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Engineer responds to 5G fears

Health fears aired over the potential deployment of fifth generation wireless technology in Bermuda are misinformed, a technology and engineering consultant has said.

Patrick Caton spoke in the wake of a consultation period over the introduction of 5G telecommunications to Bermuda.

Bermuda Advocates for Safe Technology, which opposes called on the Regulatory Authority to extend its consultation period on 5G, charging the high-frequency radio frequency used in the wireless networks could have adverse environmental and health consequences.

Local and overseas speakers gave their reservations over the technology, but Mr Caton said there were “zero cases of radio frequency radiation causing any damage to wildlife or humans, even children”.

The technology is under a moratorium in Bermuda while the RA compiles its ruling, based on studies and feedback from the public.

Mr Caton said the exposure levels set by regulators such as the United States Federal Communications Commission were in place to protect workers on the cellular network towers for 5G.

He added: “Anyone away from the towers has an infinitesimal fraction of the energy dose.”

The island gets more than 1,000 watts of radiation per square metre from the sun, he said, while a cellular tower would deliver “a few microwatts of radio frequency radiation, perhaps as much as 20 microwatts”.

“That’s 50 million times less than you get from the sun. The total broadcast power of a cell tower is less than 100 watts.”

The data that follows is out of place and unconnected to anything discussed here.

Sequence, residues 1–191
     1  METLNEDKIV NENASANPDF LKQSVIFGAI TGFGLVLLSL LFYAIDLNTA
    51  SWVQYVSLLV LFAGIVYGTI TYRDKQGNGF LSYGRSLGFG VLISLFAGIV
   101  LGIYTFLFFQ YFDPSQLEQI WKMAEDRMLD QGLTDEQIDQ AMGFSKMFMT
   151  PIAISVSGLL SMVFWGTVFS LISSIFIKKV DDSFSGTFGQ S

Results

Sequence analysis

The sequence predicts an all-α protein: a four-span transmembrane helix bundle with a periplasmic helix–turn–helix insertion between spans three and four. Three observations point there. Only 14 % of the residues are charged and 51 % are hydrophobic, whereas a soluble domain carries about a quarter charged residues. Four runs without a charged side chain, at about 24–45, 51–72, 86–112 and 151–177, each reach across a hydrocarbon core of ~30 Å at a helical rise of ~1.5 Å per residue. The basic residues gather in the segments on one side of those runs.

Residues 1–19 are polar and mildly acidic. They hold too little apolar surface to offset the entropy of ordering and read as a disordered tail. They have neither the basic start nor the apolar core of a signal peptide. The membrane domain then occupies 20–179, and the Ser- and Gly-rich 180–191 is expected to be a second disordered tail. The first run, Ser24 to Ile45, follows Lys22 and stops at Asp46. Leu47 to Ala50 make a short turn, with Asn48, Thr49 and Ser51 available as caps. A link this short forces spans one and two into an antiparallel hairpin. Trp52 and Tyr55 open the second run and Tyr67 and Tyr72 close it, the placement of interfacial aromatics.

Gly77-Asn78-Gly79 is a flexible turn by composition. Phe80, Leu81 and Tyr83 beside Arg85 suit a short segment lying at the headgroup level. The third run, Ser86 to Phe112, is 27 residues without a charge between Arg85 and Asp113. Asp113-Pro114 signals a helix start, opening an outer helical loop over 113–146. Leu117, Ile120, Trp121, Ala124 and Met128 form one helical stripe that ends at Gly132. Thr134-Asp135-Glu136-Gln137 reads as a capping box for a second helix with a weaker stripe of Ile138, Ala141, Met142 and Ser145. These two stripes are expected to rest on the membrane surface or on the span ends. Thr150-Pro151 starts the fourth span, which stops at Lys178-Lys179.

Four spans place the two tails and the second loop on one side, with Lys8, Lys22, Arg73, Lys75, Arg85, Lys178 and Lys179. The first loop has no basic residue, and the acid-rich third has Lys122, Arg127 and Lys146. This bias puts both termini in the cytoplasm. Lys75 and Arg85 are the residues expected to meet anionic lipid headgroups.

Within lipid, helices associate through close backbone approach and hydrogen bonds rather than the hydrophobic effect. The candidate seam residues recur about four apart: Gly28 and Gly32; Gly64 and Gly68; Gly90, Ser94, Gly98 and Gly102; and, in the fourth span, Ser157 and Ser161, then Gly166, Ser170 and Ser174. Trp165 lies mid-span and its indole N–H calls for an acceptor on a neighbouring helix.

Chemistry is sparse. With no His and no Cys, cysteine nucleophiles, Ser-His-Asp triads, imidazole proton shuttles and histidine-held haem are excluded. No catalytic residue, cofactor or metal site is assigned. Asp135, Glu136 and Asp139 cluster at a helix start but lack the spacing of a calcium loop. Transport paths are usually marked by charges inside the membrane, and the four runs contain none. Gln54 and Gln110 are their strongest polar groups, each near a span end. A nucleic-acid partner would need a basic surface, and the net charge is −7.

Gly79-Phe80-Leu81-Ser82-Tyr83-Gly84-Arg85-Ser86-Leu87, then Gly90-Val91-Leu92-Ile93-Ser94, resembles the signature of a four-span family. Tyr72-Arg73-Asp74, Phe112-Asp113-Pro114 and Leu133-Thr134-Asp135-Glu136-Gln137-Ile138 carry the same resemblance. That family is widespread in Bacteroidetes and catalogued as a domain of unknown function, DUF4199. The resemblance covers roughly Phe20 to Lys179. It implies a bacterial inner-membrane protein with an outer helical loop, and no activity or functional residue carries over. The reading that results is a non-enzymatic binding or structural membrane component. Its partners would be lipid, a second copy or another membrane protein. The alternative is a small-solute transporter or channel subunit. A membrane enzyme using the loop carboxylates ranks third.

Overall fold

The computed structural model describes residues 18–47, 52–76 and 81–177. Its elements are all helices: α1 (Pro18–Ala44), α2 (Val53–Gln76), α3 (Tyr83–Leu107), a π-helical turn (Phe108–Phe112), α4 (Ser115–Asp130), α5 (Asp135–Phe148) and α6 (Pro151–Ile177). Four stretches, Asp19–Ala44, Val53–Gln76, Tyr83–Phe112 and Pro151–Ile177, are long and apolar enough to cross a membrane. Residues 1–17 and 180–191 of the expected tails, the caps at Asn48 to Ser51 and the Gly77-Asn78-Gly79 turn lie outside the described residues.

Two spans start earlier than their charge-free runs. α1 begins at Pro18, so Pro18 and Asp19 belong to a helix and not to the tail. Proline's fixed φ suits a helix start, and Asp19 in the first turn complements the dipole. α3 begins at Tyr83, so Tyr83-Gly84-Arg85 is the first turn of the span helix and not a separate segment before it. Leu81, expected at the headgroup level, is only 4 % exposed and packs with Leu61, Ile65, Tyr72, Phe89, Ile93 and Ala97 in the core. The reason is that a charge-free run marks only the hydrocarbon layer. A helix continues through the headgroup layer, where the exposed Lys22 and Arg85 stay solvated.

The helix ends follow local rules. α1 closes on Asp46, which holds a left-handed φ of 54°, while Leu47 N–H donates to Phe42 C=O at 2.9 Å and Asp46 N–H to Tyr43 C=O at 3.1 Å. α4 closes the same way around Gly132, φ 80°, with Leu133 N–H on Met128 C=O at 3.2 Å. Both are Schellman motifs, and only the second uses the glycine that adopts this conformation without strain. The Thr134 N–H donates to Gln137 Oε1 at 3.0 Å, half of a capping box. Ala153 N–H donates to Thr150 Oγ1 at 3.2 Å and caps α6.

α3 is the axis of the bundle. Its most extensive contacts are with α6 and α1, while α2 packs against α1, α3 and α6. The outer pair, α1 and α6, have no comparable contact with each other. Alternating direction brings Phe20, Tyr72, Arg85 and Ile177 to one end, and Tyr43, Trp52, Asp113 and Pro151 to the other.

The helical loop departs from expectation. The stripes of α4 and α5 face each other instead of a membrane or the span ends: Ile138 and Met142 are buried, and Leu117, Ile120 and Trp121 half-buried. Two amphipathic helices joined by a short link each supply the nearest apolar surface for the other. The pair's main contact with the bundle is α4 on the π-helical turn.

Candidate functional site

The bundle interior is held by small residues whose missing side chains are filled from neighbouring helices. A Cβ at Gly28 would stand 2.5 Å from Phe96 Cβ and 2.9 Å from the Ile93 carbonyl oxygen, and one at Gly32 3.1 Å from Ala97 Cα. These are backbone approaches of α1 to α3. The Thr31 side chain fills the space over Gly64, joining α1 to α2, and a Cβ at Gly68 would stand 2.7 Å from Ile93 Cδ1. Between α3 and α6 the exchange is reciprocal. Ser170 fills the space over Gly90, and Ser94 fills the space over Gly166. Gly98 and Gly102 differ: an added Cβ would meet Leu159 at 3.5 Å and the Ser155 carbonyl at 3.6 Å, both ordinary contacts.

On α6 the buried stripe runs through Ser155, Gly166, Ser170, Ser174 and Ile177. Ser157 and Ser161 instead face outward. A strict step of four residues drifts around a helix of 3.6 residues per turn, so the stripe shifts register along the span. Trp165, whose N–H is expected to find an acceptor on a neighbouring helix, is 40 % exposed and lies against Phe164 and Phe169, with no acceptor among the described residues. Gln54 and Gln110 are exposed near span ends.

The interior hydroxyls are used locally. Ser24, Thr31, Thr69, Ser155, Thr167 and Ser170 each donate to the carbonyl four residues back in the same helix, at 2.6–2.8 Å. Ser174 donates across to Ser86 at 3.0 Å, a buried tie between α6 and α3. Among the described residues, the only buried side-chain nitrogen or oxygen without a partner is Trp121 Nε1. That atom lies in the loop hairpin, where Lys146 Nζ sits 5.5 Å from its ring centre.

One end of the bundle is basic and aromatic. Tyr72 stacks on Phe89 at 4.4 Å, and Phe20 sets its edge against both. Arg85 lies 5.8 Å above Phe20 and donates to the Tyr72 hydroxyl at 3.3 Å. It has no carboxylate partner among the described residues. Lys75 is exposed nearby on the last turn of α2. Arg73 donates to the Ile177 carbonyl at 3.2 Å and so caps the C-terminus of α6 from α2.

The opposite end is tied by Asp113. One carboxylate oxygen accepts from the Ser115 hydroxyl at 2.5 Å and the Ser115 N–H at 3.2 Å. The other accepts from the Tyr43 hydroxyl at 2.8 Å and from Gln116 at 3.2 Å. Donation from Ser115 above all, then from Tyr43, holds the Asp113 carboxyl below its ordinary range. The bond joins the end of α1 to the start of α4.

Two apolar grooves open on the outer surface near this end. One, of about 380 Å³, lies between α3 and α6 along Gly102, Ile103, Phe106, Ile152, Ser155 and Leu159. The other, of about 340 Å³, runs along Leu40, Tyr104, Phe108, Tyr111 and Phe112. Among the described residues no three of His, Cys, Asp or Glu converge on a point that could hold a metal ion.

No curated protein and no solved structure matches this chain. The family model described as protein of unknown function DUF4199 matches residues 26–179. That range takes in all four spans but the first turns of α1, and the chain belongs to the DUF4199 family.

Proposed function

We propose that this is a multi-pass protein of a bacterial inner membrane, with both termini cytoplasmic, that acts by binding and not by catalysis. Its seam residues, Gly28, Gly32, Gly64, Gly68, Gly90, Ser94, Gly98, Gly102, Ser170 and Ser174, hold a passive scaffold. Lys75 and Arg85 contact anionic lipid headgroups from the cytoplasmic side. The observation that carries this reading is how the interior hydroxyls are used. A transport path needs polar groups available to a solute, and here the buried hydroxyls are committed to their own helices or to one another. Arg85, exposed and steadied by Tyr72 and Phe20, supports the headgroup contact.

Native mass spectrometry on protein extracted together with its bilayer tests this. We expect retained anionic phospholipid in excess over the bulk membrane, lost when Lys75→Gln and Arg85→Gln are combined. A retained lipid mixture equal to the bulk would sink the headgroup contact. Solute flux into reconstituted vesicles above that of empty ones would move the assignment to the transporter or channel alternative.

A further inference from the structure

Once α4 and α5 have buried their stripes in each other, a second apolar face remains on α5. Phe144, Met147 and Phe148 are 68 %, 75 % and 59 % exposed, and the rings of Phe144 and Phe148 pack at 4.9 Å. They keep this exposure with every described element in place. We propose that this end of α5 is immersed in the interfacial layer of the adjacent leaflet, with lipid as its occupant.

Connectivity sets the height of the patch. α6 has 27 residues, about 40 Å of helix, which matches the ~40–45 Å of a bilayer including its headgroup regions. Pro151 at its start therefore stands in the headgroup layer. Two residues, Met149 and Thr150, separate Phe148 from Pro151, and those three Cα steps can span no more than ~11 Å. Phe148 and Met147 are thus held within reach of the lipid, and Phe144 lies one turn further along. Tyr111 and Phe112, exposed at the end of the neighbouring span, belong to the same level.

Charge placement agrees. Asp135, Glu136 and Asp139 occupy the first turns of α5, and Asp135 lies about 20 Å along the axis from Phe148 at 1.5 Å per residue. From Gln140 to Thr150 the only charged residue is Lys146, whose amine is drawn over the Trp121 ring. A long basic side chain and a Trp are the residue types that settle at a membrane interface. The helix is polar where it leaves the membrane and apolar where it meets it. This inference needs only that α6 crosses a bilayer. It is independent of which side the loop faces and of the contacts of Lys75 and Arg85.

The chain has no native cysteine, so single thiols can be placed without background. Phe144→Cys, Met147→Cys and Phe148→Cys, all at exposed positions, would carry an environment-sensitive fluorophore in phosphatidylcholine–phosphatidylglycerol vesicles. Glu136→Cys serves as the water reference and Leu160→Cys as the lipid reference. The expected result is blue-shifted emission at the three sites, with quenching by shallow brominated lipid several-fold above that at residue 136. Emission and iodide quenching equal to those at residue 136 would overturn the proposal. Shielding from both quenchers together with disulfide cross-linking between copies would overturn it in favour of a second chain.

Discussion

Mr Caton said regulators typically assessed broadcast power limits every three years.

He added: “All of the technical research societies that set the standards have yet to receive any evidence that the current levels are unsafe.

“We have been studying different radio frequency types for over a century since the invention of radio, and the much hyped millimetre wave tech is simply a radar frequency that’s been in use since 1940.”

Millimetre waves are the higher-frequency radio signals employed by 5G mobile phones and other devices.

Several of the speakers at a recent forum said the non-ionising radiation used for 5G had a demonstrable impact on plant, animal and human cells.

Mr Caton said ionising radiation such as ultraviolet light and X-rays was capable of inflicting damage, but the wavelengths used for 5G were unable to interact with cells to cause injury.

He added: “It’s much lower power and range than existing 2 and 3G cellular. It uses much of the existing frequencies of the older tech, just more efficiently.”